I hadn’t realised how long it had been since I last wrote a post. As anticipated, the return home a couple of weeks ago means we have had to hit the ground running – too much to do, so little time, plus fabulous, though freezing weather. This, combined with the clocks changing at the weekend means we have almost switched to our outdoor feral lifestyle that longer days bring. Oh, and the ensuing meatfest – continued delivery of greylag geese, requiring plucking and preparation (I have also tried some curing, we will see if it works…). We also took delivery of half an old spot pig from our neighbour, butchery of which commenced this evening. More on that subject another time, soon.
I therefore must apologise, fellow bloggers, for my reduced interactions – I haven’t had as much time to read and comment on your lovely blogs as I would like recently. Also to those vegetarian readers for the meatfest. There are some vegetarian posts in my log jam of drafts, please bear with me!
I’m not going to go on about the weather, in fact it is really beautifully clear and crisp here and has been for the last two weeks. It certainly looks like spring more than it feels like it, the vegetation is slow to grow and the lapwings look a bit perplexed about the lack of cover in their favoured nesting areas behind the house.
The arrival of spring was qualified last week by the birth of the first lambs on the croft behind our house. I had a walk up and watched them gambolling around the temple a few nights ago. The trio are two twins and a single who were engrossed in a competition of head-butting and leaping off rocks and bucking wildly before I interrupted. The field will soon be full as new born lambs are let out of the barn with their mothers and the cacophony of displaying waders and shrill bleating will reach a crescendo by Mid-April.
Fishing at last
The brown trout fly fishing season has now started. We went out last Saturday in conditions that were the most inhospitable I have ever fished in, so cold I couldn’t feel my fingers and hence the line, winds 35 to 40 mph). Strong winds don’t usually deter us – or the fish, but the biting cold was insufferable and after an hour, we gave up the pointless exercise and went home.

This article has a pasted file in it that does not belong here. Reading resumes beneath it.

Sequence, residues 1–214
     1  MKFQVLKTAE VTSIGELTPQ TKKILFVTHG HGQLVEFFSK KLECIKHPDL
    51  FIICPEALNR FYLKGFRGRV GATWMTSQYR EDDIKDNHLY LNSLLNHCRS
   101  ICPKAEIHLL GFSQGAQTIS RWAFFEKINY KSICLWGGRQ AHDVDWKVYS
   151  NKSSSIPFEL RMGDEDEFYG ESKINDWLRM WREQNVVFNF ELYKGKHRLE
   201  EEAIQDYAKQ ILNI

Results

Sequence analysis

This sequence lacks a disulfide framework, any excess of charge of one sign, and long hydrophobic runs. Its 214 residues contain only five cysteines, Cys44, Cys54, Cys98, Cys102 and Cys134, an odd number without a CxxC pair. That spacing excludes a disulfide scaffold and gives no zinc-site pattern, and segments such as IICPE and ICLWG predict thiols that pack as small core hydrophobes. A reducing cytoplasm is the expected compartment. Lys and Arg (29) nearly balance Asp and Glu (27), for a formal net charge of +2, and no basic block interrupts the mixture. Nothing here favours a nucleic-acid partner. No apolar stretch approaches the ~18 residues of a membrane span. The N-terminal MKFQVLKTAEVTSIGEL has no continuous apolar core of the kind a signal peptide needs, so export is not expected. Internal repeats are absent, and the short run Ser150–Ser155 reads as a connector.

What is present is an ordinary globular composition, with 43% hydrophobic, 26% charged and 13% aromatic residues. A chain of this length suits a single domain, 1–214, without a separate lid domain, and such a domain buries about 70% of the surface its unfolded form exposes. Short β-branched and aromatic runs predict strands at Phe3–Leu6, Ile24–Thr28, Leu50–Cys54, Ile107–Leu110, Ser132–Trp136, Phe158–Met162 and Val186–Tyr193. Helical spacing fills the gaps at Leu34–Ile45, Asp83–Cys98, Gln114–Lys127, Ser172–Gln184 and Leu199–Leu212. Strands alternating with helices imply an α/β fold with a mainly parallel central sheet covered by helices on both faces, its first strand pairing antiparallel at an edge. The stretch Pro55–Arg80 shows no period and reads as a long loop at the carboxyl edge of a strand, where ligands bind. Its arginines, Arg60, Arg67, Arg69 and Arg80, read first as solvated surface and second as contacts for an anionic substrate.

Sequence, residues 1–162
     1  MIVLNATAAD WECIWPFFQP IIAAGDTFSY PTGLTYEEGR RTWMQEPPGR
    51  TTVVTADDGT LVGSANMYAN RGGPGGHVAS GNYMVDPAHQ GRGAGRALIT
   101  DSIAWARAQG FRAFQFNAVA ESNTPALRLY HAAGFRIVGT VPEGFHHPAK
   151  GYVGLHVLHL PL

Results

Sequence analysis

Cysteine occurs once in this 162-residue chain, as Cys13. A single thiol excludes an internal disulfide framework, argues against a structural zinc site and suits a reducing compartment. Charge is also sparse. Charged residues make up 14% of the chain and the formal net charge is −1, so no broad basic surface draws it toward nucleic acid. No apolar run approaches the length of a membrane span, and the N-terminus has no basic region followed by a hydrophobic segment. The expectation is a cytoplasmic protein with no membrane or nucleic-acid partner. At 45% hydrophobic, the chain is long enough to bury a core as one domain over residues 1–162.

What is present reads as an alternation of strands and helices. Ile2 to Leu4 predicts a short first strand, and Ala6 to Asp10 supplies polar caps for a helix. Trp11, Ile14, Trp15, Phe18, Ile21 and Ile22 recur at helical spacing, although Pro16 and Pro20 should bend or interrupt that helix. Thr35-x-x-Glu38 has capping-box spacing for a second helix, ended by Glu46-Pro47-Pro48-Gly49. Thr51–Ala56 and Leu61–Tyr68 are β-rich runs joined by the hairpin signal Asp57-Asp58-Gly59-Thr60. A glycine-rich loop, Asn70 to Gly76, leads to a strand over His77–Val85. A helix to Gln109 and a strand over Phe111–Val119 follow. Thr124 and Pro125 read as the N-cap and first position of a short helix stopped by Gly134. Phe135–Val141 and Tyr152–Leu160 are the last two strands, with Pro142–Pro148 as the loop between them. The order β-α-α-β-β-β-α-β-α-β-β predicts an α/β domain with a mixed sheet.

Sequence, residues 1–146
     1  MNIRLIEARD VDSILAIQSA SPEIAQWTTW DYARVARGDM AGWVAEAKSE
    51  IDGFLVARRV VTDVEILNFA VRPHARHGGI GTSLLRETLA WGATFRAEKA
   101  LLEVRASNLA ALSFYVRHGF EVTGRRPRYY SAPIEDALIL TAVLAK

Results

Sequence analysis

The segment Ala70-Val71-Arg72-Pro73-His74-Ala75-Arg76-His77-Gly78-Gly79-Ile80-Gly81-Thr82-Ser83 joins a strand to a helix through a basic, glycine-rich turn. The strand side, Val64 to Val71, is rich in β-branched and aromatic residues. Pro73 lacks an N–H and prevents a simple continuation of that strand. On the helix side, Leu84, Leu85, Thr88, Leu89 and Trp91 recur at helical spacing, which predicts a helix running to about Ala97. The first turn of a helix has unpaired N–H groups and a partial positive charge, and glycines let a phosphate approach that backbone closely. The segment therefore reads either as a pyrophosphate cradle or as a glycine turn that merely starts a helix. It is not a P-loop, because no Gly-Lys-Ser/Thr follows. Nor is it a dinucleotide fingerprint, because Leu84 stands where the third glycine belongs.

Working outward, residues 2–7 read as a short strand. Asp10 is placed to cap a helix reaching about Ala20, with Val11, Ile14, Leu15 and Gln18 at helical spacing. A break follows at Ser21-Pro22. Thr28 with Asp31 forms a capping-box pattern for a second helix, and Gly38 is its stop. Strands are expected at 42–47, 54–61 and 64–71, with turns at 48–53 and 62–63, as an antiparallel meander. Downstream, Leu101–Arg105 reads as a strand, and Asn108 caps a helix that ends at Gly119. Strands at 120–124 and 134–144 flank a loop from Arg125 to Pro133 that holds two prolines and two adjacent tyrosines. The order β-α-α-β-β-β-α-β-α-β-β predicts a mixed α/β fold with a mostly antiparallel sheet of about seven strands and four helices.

The weather remained pretty static over this week, and it didn’t require a soothsayer to foresee another fishless outing. With too much to do in the garden, I opted out and left The Man Named Sous to experience the challenging Loch Hosta unaccompanied. I have fished this bowl-like machair loch 5 or 6 times and despite it’s reputation for good fishing, I have always blanked.
I know, I should take my role as the current Chair of North Uist Angling Club more seriously. I’m such a lightweight. At this stage, I think it would be pertinent to point out that I have not been selected as Chair in a bun fight between those with the best angling prowess across the Isles. No, I happened to be one of the very few present in the room at the time of the AGM who did not already have a committee role and did not raise sufficient objection not to be awarded the accolade. In fairness, it at least saves the same 3 or 4 people from having to take on the role for a year. In fact, it is our very efficient secretary who keeps the club running smoothly, the only unique role for the Chair being a short speech at the annual dinner at the end of April.
I am glad that I stayed in the garden and had a very productive day. First I checked my seedlings. Thanks to the very stable environment of my new heated propagator, half of my 8 chilli varieties have germinated. I planted tomatoes, a plethora of herbs and organised my rotation for the raised beds.
Then, with some trepidation, I decided to start excavating the inside of the old inn, the ruined blackhouse in the corner of our garden where I have resolved to grow potatoes in this year, this covered in a previous potato-based post.
A couple of years ago, we covered over the inside of the ruin with weed suppressing fabric and stored wood and other materials on top of it. After a struggle to drag off the heavily vegetated fabric, I began digging and to my delight found no mat of weed roots and an ideal soil texture almost free of stones. Almost. The next day I did have to get help from The Man Named Sous to remove a rock pile from the centre, as a well as a huge stone that had fallen off the building and into the centre.
It took 2 of us about an hour to dig it out and roll it onto the surrounding walls as it must have weighed at least 100kg. As ever, there is always the expectation that you may find some buried treasure. Well, I did, but it amounted to nothing more than the remains of a long dead sheep and a couple of neat ink bottles. The dogs thought it was an awesome way to spend a Saturday – digging holes, spraying me with soil and eating roots. What more could a dog want?